Fortunately Malay leaders at the time, at least the more thoughtful and enlightened ones, were aware of the British dilemma. The only way the country could achieve independence was to convince the colonials that those non-Malays would not be massacred once the civilizing presence of the British was gone, and that Malays could live side by side with non-Malays, or at least tolerate their presence. In short, our leaders assured the British that the Indian horror would not be repeated on the Malay Peninsula.
     Wise Malay leaders like Tunku Abdul Rahman and Tun Razak sought formal workable relationships with like-minded leaders from the Chinese and Indian communities. The Tunku and Tun Razak sought those leaders who were not among the recent immigrants who tended to be chauvinistic and thus unacceptable to Malays. Rather they chose those who had been in Malaysia for generations and were in tune with Malay sensitivities – the Straits Chinese and old established Indian leaders. Thus was born the Alliance Party, comprising the United Malay National Organization (UMNO), Malayan Chinese Association (MCA), and Malayan Indian Congress (MIC).
     Alliance’s resounding success in the first general elections of 1955 in which its only manifesto was the country’s independence convinced the British that this group of leaders would not turn the country into a miniature Indian nightmare.
    To be sure, they were not the first to aspire leading Malaysia towards independence. For Malays, there were the traditional village leaders who scored high on the nationalism zeal but were pathetically inept in their strategic thinking. They were also woefully ignorant in the art of modern statecraft.
     If those were not already significant weaknesses, they were also ignorant of British ways. How could they when they had never left their kampong or could hardly speak English? The key to winning a war is to know your adversary, as Lao Tze put it in his The Art of War. Those village Malay leaders were severely handicapped in that regard.
     Their other weakness, and a very significant one, was that while they were committed to getting rid of colonial rule, their goal was not the country’s independence but its subsequent union with neighboring Indonesia in a grand Melayu Raya (Malay Union). Knowing how dysfunctional that young republic was (still is, half a century later) that strategy did not strike a chord even with Malays. Had Indonesia been successful, things would have been different.
     Similarly there were leaders in the Chinese community agitating for Malaysia’s independence. Like the Malay nationalists, those leaders, principally in the Malayan Communist Party (MCP), were not interested in the country’s independence but its incorporation in a Greater China, as supposedly claimed in some moldy documents of ancient Emperors. As for leaders of the Indian community, they were consumed with affairs in the subcontinent.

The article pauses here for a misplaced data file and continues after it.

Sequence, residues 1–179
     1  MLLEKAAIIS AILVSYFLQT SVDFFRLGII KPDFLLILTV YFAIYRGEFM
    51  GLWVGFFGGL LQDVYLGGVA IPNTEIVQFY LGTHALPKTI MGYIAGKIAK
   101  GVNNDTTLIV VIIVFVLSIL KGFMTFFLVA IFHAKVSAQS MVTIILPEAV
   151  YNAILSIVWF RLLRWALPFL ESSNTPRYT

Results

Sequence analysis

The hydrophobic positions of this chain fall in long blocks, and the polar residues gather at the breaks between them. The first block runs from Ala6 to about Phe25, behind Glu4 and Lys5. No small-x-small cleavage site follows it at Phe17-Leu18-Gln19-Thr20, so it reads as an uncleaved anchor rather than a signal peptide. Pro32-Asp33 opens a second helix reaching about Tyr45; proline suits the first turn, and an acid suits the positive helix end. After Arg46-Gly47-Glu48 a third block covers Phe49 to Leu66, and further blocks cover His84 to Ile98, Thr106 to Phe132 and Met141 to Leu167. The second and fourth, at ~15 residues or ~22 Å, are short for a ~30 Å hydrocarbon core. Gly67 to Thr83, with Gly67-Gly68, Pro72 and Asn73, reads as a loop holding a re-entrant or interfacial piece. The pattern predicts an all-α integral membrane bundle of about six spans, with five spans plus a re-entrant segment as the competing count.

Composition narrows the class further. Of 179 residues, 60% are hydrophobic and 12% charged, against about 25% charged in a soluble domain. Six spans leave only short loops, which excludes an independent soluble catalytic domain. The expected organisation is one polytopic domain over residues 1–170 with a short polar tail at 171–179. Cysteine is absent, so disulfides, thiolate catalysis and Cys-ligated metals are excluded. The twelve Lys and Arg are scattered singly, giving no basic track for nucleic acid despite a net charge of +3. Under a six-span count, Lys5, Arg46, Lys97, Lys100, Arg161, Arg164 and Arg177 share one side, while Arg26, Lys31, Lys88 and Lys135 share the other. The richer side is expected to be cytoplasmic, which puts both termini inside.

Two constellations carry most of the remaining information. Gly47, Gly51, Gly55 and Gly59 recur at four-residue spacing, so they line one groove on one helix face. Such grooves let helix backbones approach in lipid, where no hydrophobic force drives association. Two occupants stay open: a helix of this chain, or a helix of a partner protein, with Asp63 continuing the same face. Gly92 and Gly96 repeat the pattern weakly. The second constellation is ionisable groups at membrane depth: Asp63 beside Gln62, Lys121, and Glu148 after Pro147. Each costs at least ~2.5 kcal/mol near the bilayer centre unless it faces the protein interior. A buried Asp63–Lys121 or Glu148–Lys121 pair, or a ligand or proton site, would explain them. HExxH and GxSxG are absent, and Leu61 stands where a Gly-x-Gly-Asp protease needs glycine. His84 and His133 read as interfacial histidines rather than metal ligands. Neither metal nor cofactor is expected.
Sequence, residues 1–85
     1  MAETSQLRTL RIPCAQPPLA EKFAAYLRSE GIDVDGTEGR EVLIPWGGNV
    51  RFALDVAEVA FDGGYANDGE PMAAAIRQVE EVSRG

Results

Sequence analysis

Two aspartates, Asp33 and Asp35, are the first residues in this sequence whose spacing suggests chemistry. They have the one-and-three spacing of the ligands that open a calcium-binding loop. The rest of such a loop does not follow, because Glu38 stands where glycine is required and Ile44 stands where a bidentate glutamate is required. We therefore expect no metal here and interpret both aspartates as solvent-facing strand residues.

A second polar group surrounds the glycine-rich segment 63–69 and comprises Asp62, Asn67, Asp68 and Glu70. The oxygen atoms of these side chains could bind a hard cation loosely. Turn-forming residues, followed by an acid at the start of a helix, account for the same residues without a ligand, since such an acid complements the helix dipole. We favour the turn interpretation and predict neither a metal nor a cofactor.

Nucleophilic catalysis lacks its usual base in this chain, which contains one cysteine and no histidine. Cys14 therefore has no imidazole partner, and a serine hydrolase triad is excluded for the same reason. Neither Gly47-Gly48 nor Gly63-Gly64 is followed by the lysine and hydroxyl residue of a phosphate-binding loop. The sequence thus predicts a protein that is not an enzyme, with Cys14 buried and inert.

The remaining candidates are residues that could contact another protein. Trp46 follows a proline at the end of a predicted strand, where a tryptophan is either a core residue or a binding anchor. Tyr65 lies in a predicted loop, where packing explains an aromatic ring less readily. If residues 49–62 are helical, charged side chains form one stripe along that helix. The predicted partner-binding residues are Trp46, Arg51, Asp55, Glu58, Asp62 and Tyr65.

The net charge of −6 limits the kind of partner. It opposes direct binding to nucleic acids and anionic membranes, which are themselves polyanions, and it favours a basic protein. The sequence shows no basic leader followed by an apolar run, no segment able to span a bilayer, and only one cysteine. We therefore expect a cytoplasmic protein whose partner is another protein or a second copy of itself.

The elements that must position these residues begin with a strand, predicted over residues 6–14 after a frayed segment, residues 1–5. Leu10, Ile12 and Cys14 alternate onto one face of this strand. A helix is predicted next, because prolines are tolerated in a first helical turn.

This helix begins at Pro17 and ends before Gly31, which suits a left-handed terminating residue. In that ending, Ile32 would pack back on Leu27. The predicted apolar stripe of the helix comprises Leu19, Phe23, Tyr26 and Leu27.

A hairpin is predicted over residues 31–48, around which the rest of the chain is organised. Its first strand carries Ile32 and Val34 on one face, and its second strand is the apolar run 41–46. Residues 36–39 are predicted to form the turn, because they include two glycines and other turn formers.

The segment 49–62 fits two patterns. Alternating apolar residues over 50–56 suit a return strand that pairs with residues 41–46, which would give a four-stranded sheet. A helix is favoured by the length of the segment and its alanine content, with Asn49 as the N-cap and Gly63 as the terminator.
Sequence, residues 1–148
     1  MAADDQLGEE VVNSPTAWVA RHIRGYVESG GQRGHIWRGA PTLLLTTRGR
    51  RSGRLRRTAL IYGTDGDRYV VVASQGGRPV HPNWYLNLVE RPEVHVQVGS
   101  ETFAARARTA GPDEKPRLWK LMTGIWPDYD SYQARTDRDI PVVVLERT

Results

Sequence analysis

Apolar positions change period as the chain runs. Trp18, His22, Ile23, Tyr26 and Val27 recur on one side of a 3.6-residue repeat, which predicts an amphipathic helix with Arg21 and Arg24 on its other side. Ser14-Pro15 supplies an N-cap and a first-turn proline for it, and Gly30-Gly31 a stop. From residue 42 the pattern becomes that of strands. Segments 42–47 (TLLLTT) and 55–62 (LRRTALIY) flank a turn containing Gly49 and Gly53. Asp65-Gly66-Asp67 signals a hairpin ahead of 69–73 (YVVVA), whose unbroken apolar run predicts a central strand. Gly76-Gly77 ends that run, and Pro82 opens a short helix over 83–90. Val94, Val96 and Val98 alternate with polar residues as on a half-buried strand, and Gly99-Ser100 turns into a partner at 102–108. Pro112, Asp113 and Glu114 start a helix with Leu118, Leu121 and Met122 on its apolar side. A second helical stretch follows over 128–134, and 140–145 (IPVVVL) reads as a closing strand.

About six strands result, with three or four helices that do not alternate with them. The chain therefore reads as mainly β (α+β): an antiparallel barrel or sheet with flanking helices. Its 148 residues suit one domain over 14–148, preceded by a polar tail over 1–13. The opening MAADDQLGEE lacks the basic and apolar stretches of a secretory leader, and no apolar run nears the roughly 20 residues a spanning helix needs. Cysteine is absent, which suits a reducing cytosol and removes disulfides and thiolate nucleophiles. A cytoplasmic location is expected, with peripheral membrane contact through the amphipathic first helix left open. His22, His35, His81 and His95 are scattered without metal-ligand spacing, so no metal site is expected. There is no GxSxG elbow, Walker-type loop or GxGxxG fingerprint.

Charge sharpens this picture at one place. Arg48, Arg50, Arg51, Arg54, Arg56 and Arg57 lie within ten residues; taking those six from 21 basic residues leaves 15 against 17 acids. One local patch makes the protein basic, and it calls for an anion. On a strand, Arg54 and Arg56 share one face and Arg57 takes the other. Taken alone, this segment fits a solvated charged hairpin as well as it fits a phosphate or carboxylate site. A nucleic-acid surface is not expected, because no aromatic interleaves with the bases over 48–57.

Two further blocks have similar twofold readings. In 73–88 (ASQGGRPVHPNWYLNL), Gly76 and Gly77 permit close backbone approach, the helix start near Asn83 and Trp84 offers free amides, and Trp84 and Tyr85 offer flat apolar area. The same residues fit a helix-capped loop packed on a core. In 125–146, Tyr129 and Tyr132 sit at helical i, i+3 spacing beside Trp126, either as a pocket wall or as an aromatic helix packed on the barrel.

In the end, the path chosen by Alliance leaders proved successful. Their overwhelming electoral victory was a powerful but not the only factor to their success in gaining independence. Those leaders also knew the ways of the English and exploited that insight. Instead of relying exclusively on the goodwill of colonial bureaucrats, those leaders also cultivated Members of Parliament, especially those from the Labor Party who were sympathetic to the Malaysian cause.
     The other Malay nationalists were kampong-bred and not savvy enough to negotiate the tricky path towards independence. As for Chin Peng, leader of the MCP, while he was familiar with the ways of the British having fought with them against the Japanese and proven himself sufficiently worthy of a British royal award, the OBE, nevertheless Britain was not about to let one of her richest colonies be turned over to a communist even if the Labor Party had been in power.
     The Alliance prevailed because of its leaders’ political suaveness and familiarity with the British. Those leaders’ commitment to capitalism and democracy, as well as their proven track record of working across racial lines, convinced the British that Malaysia would be in good hands. Those colonialists were right.
     Today with the waning popularity of Barisan Nasional, successor to the old Alliance, revisionist historians would like us to believe that it was all those leftist rabble rousers and terrorists who should get the credit for the nation’s independence.
     I do not intend to demean or dismiss the huge contributions of such towering nationalists on the left as Ahmad Boestaman and on the right as Dr. Burhanuddin Al Helmy by my remarks. They were among the first to dare imagine a world of freedom, to ignite the passion for merdeka. More importantly, they kept that fire burning.
     Consider Datuk Onn; he more than anyone else was responsible for galvanizing the Malay masses. It was he who frontally took on the British and his own sultan in aborting the Malayan Union Treaty that would have made Malaysia a permanent British dominion.
     In the end as with everything else, it is the result that counts. UMNO leaders like Tunku Abdul Rahman and Razak Hussein in their wisdom sought the cooperation of the other communities, and using their political skills and personal talents captured the ultimate prize. If both were alive today, I am certain that they would generously share the credit with the other nationalists. I just wish that their successors in the current UMNO would be just a wee bit charitable and not hog all the glory.
Next: Lessons From The Past
Adapted from the author’s latest book, Liberating The Malay Mind, ZI Publications Sdn Bhd, Petaling Jaya, Malaysia , 2013.